James Meredith, left, and Medgar Evers are two of the most historic figures in Mississippi’s civil rights struggles. Evers helped Meredith in his effort to enroll at the University of Mississippi in 1962. He secured the NAACP’s legal team headed by Thurgood Marshall, who had won the Brown v. Board of Education lawsuit, to assist Meredith. Evers himself had been denied admission to Ole Miss law school in 1954.
Evers, born in Decatur, Mississippi, in 1925, returned from service in World War II and enlisted at Alcorn A&M College. He married Myrlie Beasley of Vicksburg before graduating in 1951. They moved to Mound Bayou, where he sold insurance and began to work in voter registration. Named NAACP field secretary in 1954, he moved his family to Jackson, where he continued working for voting rights and the desegregation of schools and other public facilities, and speaking out against racial violence and injustice. Evers was murdered in his driveway early in the morning on June 12, 1963, as he arrived home from a rally. He was buried in Arlington National Cemetery. His killer, Byron de la Beckwith, after two trials in 1964 that ended in hung juries, was finally convicted of his murder in 1994. His widow, Myrlie Evers-Williams, would later chair the board of directors of the NAACP.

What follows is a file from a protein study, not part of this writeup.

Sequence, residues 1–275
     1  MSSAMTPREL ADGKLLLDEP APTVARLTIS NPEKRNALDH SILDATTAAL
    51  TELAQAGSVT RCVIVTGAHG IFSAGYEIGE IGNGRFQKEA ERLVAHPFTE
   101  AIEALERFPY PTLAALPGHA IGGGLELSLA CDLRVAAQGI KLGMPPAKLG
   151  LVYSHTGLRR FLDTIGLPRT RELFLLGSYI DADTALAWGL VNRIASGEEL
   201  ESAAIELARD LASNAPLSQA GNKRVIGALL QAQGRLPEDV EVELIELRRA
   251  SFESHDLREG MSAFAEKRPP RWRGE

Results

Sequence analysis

Meredith was born in Kosciusko, Mississippi, in 1933. He served in the Air Force and spent two years at Jackson State College before attempting to enter the University of Mississippi. Opposed by Mississippi Governor Ross Barnett, his enrollment triggered riots on the Ole Miss campus. Two people were killed and hundreds wounded on campus. Meredith graduated from the university, received a law degree from Columbia University in 1968. He was injured in 1966 as he led his March Against Fear from Memphis to Jackson. Meredith worked in various business pursuits, wrote his memoirs, and became a Republican later in life and worked on the staff of Senator Jesse Helms. In 2002, the University of Mississippi honored him on the 40th anniversary of his enrollment there. Later that year, his son, Joseph, received a doctorate of business administration from Ole Miss. Tragically, Joseph died of a heart complication in 2008. Meredith lives in Jackson with his wife. He has a daughter and two sons.